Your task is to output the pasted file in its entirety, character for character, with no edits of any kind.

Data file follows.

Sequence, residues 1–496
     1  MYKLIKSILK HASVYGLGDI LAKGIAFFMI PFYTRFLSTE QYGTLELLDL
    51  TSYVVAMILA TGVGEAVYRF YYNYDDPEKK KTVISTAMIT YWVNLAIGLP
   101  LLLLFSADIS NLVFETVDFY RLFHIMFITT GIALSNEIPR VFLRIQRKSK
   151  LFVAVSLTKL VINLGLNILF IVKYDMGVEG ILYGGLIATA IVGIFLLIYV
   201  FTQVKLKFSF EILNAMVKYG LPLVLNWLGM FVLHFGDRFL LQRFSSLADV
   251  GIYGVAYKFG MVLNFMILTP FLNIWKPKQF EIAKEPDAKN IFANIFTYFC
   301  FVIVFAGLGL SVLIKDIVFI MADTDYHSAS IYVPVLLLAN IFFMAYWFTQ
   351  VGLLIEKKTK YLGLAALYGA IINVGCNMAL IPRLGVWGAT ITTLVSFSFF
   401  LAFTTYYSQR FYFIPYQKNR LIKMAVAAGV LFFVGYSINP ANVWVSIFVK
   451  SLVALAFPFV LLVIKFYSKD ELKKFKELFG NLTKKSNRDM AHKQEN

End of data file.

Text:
Sequence, residues 1–496
     1  MYKLIKSILK HASVYGLGDI LAKGIAFFMI PFYTRFLSTE QYGTLELLDL
    51  TSYVVAMILA TGVGEAVYRF YYNYDDPEKK KTVISTAMIT YWVNLAIGLP
   101  LLLLFSADIS NLVFETVDFY RLFHIMFITT GIALSNEIPR VFLRIQRKSK
   151  LFVAVSLTKL VINLGLNILF IVKYDMGVEG ILYGGLIATA IVGIFLLIYV
   201  FTQVKLKFSF EILNAMVKYG LPLVLNWLGM FVLHFGDRFL LQRFSSLADV
   251  GIYGVAYKFG MVLNFMILTP FLNIWKPKQF EIAKEPDAKN IFANIFTYFC
   301  FVIVFAGLGL SVLIKDIVFI MADTDYHSAS IYVPVLLLAN IFFMAYWFTQ
   351  VGLLIEKKTK YLGLAALYGA IINVGCNMAL IPRLGVWGAT ITTLVSFSFF
   401  LAFTTYYSQR FYFIPYQKNR LIKMAVAAGV LFFVGYSINP ANVWVSIFVK
   451  SLVALAFPFV LLVIKFYSKD ELKKFKELFG NLTKKSNRDM AHKQEN